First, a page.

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Finding Work After a Military Career
For the men and women who serve our country bravely, civilian life can be a daunting place. Nearly 5% are currently unemployed, struggling to translate skills learned in the military to civilian workplaces. In 2015, three veterans discussed their very different approaches to finding work with Money Magazine. Here, we share their insights and experiences.
With a Business Management BA and experience coaching at the National Training Centre, Command Sergeant Major Buckner had no reason to suppose finding a non-military job would be a challenge. His inexperience in the business world meant that he was just too big a risk for a civilian employer, and even military contractors refused to give him a chance.
Already in his mid-40s, Buckner made a courageous choice; he opted to go back to school and re-train. This year, he graduated from Syracuse University with an MBA. The University’s Veterans Training Program is a specialist course designed to adapt military credentials to the needs of civilian workplaces; you can discover more information about the course here.
After four years in the Navy, Petty Officer Williams struggled moving back in with her parents. As a disabled person, the San Francisco native had more obstacles to overcome than most, and it was a full year before she got a job and was able to leave her mother’s house.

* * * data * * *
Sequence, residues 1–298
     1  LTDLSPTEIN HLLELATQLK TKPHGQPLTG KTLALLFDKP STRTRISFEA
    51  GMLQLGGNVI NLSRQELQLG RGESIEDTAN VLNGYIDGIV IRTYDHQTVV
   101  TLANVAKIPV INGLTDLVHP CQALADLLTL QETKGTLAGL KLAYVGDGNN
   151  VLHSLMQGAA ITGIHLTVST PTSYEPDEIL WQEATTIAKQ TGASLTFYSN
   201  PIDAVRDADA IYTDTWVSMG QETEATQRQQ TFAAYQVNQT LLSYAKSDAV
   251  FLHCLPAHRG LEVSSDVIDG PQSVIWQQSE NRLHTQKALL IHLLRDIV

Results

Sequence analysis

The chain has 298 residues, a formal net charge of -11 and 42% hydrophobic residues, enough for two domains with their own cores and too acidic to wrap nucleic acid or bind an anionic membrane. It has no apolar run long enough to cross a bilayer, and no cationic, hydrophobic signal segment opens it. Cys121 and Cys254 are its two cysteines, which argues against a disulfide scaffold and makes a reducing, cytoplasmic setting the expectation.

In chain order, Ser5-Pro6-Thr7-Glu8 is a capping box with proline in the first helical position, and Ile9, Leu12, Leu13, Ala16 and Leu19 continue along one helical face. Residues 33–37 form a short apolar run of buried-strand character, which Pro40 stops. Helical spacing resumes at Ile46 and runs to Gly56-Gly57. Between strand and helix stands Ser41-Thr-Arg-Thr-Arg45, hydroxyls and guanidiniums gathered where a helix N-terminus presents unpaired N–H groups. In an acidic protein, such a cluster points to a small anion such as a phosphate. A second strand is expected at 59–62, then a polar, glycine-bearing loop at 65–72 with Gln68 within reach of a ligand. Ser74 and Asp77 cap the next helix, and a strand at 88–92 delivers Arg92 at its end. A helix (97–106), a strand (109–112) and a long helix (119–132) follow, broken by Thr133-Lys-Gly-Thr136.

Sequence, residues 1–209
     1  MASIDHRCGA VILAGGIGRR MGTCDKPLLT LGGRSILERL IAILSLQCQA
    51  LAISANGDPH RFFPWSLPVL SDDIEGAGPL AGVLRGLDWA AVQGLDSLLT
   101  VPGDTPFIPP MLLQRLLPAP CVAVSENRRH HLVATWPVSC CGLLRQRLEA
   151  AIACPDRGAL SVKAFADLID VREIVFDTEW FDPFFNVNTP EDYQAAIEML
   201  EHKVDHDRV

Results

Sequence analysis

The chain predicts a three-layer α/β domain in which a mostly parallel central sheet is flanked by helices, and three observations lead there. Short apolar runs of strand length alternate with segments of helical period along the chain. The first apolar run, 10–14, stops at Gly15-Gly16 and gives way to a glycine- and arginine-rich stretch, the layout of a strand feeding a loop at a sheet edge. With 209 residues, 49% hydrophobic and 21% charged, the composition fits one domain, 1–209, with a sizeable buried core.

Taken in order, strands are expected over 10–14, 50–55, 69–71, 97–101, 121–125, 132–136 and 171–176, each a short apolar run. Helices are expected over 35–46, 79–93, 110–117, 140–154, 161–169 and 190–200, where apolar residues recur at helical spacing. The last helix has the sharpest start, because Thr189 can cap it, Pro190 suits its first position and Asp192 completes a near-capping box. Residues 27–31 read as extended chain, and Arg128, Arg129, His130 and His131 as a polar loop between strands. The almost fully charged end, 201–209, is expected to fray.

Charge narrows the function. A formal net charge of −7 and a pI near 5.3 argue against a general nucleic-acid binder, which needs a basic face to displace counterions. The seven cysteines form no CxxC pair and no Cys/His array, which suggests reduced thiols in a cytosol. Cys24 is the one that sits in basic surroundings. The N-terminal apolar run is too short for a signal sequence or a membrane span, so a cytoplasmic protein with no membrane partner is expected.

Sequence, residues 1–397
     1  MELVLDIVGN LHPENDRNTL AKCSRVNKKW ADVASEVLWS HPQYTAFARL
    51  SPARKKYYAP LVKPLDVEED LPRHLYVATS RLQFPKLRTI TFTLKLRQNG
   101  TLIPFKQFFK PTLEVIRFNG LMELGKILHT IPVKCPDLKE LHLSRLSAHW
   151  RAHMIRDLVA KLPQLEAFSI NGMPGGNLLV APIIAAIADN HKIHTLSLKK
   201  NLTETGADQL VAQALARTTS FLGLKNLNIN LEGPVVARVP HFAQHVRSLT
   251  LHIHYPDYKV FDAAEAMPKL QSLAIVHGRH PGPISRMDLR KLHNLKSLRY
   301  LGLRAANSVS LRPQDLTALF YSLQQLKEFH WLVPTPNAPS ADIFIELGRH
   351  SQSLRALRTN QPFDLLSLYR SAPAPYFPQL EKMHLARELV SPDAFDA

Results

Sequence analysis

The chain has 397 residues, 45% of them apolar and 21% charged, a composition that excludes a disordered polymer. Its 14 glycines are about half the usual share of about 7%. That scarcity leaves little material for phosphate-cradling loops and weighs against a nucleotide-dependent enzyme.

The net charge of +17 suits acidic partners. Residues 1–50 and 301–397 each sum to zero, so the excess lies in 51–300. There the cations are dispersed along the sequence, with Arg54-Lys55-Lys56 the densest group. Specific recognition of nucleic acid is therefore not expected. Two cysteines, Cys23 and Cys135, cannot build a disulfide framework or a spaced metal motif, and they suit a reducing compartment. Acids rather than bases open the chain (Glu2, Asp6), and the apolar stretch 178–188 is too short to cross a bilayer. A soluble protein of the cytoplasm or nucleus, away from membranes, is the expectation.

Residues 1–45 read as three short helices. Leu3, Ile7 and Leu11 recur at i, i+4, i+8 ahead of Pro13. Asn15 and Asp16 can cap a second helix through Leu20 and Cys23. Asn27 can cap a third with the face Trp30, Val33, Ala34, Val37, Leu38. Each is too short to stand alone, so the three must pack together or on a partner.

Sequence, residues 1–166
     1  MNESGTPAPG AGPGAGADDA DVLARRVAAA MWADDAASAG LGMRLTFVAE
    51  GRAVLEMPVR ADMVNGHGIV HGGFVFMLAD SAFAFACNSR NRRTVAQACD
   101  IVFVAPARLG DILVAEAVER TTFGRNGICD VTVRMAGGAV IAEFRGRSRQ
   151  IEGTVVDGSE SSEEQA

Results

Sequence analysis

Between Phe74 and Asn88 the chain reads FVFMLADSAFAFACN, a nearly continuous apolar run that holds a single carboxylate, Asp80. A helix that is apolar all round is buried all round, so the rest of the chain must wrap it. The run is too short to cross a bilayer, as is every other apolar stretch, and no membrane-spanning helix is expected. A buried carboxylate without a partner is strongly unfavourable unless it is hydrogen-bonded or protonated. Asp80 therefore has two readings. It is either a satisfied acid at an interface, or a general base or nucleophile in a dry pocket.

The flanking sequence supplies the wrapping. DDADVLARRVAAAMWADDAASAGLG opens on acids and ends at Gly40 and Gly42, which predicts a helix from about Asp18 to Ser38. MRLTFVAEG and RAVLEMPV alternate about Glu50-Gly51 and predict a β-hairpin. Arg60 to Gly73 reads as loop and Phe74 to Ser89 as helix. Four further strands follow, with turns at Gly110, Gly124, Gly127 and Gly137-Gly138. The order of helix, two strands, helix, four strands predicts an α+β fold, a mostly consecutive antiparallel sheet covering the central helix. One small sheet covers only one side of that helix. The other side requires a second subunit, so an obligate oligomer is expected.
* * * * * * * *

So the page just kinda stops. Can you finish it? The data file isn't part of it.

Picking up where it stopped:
For Williams, self-sufficiency would not have been possible without the Veterans Assisted Shelter and Housing (VASH) voucher program. A lot of people aren’t aware of the scheme – Williams only discovered it because she was receiving treatment from the VA clinic – and most assume it is a provision exclusively for homeless veterans.
Any vets without a mortgage or lease agreement are eligible. The program caps rent at 30% of their income (whatever that may be) and covers the rest, so veterans don’t have to rely on family or worry about keeping a roof over their heads.
Juan spent eight years in the Marines and, like many veterans, struggled with debt once she left. With no investment experience, she learned the hard way that leaving a military career without savings is perilous.
It took her a year to save enough to fund a marketing qualification, which she is currently studying alongside her work for the Iraq and Afghanistan Veterans of America. “I wish someone had hit me over the head when it come to investment and saving more,” She told Money Magazine, a sentiment echoed by veterans across the country.
Don’t think twice hire a vet.